Corruption, embezzlement, fraud, these are all characteristics which exist everywhere. It is human nature. No one has ever eliminated any of that stuff. ~ Alan Greenspan
A proximate cause of the evil inherent in corporations lay in their structure. Shareholders own corporations, and managers typically run their corporation in pursuit of shareholder tribute.
The problem is that shareholders don’t have a company’s best interest at heart. Shareholders often insist on strategies that maximize short-term profits. A manager who does not abide this short-termism is likely to be booted, especially during turbulent times, when foresight is most needed and least appreciated.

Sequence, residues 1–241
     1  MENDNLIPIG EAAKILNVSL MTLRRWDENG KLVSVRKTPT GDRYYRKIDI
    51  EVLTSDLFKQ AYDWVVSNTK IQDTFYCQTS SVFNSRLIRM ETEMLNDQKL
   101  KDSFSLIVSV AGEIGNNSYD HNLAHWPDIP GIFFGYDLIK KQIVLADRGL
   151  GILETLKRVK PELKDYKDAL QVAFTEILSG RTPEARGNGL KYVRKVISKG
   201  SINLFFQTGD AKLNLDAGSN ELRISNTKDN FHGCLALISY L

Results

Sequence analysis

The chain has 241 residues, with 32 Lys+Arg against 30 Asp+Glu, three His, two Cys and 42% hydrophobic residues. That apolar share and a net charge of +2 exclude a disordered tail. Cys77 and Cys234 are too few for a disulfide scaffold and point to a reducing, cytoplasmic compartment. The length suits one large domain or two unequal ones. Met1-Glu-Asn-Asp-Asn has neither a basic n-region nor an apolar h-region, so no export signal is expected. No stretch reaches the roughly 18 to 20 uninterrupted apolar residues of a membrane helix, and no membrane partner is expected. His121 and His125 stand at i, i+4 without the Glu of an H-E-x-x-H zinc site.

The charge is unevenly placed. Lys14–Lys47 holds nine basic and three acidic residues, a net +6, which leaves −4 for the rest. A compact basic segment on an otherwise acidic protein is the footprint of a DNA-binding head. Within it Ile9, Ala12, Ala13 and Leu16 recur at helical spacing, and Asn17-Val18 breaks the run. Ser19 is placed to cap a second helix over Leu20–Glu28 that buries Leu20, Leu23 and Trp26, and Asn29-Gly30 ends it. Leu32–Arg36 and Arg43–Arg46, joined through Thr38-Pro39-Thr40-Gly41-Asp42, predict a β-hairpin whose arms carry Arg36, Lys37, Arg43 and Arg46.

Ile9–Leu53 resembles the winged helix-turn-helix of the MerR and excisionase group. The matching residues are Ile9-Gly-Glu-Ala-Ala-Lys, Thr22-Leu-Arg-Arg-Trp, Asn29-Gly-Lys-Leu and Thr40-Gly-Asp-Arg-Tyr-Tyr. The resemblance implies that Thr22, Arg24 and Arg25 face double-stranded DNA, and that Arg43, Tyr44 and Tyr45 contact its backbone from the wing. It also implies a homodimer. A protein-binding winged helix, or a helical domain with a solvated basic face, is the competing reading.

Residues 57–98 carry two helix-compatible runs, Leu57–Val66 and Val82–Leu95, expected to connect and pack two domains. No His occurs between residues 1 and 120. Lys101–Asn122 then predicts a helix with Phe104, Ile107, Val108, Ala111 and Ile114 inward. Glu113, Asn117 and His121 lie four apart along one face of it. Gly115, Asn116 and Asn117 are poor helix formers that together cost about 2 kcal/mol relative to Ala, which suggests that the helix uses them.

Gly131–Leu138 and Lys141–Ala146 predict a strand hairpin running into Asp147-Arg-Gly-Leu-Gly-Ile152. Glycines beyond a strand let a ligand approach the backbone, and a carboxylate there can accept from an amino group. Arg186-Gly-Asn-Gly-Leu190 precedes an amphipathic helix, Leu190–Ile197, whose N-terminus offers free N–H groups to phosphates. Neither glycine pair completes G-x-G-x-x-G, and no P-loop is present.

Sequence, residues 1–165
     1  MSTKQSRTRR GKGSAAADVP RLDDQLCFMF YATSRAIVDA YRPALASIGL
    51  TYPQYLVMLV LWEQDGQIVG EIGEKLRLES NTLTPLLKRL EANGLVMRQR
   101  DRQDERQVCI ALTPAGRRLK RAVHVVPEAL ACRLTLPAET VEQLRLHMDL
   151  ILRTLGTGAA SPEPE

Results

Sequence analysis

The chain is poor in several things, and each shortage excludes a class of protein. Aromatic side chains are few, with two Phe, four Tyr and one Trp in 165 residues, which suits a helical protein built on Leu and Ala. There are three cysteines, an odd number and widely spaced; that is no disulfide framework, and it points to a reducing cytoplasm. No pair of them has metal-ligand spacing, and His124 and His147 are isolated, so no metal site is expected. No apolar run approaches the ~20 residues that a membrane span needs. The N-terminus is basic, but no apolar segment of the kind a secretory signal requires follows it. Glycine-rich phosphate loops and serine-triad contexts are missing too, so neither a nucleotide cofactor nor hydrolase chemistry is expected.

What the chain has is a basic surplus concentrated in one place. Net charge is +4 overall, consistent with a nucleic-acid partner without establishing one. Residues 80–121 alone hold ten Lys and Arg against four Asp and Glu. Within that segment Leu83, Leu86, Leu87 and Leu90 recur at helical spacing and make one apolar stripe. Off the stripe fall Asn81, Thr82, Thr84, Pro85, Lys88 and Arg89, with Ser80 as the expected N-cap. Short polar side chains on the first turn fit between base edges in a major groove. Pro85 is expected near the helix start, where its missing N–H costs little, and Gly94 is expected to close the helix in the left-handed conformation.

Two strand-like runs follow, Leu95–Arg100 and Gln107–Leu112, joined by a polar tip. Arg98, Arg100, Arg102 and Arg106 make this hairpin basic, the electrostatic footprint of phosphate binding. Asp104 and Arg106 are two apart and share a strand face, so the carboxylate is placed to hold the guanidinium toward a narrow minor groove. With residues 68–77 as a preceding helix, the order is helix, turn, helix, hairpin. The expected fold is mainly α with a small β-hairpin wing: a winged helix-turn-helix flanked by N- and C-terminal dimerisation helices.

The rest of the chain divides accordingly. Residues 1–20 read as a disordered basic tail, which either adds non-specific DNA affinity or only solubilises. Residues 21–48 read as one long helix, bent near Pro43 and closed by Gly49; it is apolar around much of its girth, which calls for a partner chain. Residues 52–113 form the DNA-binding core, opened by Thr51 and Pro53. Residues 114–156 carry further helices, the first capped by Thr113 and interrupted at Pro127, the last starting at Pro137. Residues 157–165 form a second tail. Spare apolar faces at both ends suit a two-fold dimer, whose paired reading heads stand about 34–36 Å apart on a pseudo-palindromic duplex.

Shareholders are the most mobile of a company’s stakeholders: they may sell their shares at any time, disabusing their financial investment in the wink of a trade. In contrast, the other stakeholders – managers and employees – are vested with their livelihoods. Their interest is in the company’s abiding well-being, so that they may continue to earn a living, and do so decently.
Ease of exit is exactly what makes shareholders unreliable guardians of a company’s long-term future. ~ Ha-Joon Chang